The “ASIC Quandary”—How Much Can We Integrate, When and Why?


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We’ve just gotten news of a market survey on graphics shipments that reports a decline in overall graphics shipments for the year. We will not embarrass the company by naming it because while its survey did include graphics shipped in desktops, notebooks, netbooks and PC-based commercial and embedded equipment, it did not include ARM-based tablets or, apparently, ARM-based embedded devices. It did somewhat lamely admit that tablets have changed the PC market. Duh.

If we’re talking about shipments of graphics processors, both discrete and integrated onto the same die with a CPU, it makes utterly no sense to ignore the vast and growing number of devices based on ARM processors with high-performance integrated graphics. The report claims that graphics leader Nvidia has dropped shipments—but does not acknowledge shipments of multicore graphics processors integrated with ARM cores on that same company’s Tegra CPU products. These processors appear in a wide variety of Android-based tablets. And, of course, there is no mention of the graphics integrated on the Apple-proprietary ARM-based CPUs built into the millions of iPads that are being sold. So what exactly is the point of all this? Go figure.

It was easier when graphics companies sold graphics processors that could be discrete or integrated into graphics add-in modules. All this integration stuff has gotten very messy. Now whether you think you need the high-end graphics capability or not, it comes with your Intel Core i5 or i7; it comes with your low-power Atom CPU, and it is a featured part of your AMD G- or R-Series APU. One of the results has been that developers really are making use of the powerful graphics that come with the chips they need for their designs, and more and more possibilities are opening up for the use of such graphics in embedded consumer and industrial applications.

It turns out, however, that this development with graphics points to a wider phenomenon. It is now possible to integrate practically anything we want onto a single silicon die. Of course, just because we can does not automatically make it a good idea. And that is the core of what we might call “the ASIC quandary.” What, exactly, are the conditions that must be met to put together a given combination of general vs. specialized functionality as hard-wired silicon? What amount of configurability and programmability? What mix of peripherals and on-chip memory of what type can be brought together that make technical, market and economic sense? And how much of it can we really take advantage of? Of course, if you’re able to write a large enough check you can now get an ASIC that integrates practically anything, but that is not the path of the majority of the industry.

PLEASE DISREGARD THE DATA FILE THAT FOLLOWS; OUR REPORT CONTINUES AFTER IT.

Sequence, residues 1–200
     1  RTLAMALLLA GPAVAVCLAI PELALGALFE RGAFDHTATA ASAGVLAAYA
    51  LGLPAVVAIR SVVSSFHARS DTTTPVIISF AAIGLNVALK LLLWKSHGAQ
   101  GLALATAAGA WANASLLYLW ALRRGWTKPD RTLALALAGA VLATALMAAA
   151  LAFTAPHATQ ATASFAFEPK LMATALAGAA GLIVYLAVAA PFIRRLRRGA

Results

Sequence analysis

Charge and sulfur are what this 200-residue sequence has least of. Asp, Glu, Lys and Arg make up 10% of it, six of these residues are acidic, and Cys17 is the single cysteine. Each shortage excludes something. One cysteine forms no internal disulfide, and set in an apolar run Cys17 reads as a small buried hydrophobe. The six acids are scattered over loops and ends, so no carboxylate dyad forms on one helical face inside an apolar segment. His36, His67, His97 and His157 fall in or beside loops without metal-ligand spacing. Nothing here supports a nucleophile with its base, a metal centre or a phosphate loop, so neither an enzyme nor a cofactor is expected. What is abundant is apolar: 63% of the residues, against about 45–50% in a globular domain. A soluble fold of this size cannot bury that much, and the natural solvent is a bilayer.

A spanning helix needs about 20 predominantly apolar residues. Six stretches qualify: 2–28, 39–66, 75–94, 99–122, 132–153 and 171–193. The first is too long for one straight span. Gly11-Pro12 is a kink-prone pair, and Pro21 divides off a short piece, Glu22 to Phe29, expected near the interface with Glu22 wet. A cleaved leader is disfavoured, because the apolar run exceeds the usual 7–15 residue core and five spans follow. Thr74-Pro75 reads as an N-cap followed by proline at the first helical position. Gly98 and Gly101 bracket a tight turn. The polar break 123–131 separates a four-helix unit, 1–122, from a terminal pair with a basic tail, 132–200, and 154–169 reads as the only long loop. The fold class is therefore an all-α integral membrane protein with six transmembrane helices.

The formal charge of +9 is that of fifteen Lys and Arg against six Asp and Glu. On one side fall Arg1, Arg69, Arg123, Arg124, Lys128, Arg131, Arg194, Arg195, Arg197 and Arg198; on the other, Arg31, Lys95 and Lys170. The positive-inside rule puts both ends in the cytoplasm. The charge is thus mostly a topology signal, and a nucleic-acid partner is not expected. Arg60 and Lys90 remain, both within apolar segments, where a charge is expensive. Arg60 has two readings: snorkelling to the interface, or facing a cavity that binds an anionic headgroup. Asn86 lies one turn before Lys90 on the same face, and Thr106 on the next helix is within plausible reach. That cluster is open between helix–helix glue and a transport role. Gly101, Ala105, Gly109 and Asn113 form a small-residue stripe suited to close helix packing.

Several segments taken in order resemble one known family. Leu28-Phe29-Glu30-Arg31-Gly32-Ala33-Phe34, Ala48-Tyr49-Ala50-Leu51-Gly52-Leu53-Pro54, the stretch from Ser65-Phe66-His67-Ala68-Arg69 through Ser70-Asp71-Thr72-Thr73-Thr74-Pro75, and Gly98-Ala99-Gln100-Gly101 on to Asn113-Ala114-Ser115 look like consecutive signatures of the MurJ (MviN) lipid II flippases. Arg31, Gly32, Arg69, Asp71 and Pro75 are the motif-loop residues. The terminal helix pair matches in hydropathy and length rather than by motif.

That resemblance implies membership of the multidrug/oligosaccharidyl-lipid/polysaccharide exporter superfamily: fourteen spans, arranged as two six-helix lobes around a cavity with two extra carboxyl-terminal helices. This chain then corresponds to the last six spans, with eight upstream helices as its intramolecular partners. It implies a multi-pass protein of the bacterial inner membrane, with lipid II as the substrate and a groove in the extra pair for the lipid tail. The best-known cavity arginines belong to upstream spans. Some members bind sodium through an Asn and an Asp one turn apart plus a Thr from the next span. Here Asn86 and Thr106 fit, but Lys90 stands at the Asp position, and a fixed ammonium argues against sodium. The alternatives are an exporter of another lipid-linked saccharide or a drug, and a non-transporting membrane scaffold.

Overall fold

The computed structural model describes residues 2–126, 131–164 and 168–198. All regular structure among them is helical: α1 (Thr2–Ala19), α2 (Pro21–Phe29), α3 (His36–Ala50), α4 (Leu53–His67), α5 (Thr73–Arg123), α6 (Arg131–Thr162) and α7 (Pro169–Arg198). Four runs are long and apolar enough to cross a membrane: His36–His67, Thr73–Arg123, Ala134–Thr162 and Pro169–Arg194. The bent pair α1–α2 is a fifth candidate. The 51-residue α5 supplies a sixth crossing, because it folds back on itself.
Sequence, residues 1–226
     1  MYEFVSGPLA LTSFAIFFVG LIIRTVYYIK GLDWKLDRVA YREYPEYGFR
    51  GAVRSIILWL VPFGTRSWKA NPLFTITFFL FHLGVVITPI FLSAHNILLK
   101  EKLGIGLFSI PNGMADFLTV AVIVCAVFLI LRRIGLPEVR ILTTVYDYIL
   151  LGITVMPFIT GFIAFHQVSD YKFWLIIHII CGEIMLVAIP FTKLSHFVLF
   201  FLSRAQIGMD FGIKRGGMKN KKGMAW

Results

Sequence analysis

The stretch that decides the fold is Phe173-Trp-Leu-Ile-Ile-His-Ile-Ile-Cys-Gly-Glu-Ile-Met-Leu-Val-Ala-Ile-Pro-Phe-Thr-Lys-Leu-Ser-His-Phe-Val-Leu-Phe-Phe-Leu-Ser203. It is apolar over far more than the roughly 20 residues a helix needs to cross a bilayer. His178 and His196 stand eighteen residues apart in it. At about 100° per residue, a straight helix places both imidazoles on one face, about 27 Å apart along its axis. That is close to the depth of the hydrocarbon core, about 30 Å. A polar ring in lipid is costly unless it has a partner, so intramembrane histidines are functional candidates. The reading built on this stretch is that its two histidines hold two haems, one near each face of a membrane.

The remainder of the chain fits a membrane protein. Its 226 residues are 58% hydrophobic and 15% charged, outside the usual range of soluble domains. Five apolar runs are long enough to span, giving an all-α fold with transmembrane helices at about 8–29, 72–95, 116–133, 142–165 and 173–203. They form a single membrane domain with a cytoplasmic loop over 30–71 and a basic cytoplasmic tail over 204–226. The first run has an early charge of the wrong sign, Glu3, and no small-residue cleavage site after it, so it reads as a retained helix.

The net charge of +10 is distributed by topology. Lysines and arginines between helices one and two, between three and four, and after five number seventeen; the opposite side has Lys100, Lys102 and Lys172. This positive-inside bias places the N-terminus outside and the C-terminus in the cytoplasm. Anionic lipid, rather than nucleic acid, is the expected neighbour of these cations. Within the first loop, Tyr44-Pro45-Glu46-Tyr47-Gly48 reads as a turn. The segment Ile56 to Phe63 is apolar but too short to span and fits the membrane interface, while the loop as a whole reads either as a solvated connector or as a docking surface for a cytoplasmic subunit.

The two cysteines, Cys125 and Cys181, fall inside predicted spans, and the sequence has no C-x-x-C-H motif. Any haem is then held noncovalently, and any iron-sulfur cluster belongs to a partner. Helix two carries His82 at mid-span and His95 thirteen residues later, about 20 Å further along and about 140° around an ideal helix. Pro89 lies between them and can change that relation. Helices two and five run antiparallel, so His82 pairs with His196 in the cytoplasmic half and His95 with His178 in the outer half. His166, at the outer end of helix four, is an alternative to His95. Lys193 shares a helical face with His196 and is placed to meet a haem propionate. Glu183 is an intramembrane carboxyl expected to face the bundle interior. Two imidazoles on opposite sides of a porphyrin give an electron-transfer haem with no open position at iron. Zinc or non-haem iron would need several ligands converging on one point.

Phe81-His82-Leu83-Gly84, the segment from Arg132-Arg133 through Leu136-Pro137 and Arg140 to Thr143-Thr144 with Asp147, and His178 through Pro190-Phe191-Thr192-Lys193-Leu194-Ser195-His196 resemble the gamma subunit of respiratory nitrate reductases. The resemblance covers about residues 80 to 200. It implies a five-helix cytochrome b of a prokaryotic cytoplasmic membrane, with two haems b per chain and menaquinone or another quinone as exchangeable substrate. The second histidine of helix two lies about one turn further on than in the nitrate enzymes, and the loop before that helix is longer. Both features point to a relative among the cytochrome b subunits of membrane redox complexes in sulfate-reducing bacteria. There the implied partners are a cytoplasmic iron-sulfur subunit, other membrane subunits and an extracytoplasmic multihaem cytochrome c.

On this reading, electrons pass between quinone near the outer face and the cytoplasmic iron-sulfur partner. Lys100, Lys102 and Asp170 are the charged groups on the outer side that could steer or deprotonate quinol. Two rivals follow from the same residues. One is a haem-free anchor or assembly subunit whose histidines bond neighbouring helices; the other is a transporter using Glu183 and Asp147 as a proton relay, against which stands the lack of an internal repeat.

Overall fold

Interestingly, graphics is something we now understand pretty well, while multicore CPUs are something we are still struggling to fully master (see the Editor’s Report in this issue). Back in the 80s, a company named Silicon Graphics occupied a huge campus in Silicon Valley. They produced a very high-end graphics chip called the Graphics Engine that was used in their line of advanced graphics workstations. They also developed the graphics language that eventually became OpenGL, the most portable and widely used graphics software today and one that can be used for all manner of high-end GPUs.

Thus, of the mix of considerations mentioned above, market volume acceptance of high-end graphics has made it a natural for integration on all the latest CPUs. Multicore processors (which also integrate advanced graphics) are certainly another case, and there is definitely enough motivation to exploit their full potential that these will long continue to gain in market acceptance. But what else can we expect to eventually be massively integrated onto everyday CPUs? Could it be DSP? Well, that appears to be already covered by some of the massively parallel general-purpose graphics processors that are now integrated into CPUs by companies like AMD and Nvidia. There is a language that is emerging to take advantage of their power for numerically intensive processing that—perhaps not accidentally similar to OpenGL—is named OpenCL.

For the present, we are also now seeing the increasing integration not of hard-wired silicon functionality but of silicon configurability and programmability. The initial Programmable System on Chip (PSoC) from Cypress Semiconductor started as an alternative to the dauntingly huge selection of 8-bit processors that offered a dizzying assortment of peripheral combinations. PSoC has since grown to include products based on 32-bit ARM devices. More recently, devices have come out of Xilinx and Altera that combine a 32-bit multicore ARM processor with its normal peripherals on the same die with an FPGA fabric. While the market has yet to issue a final verdict here, this indicates the direction of the ASIC quandary. Add the ability to make choices and later, if a large enough trend is identified, some enterprising company may issue the stuff hard-wired. The ability for truly massive integration is here. The direction it takes will depend on forces both technical and economic.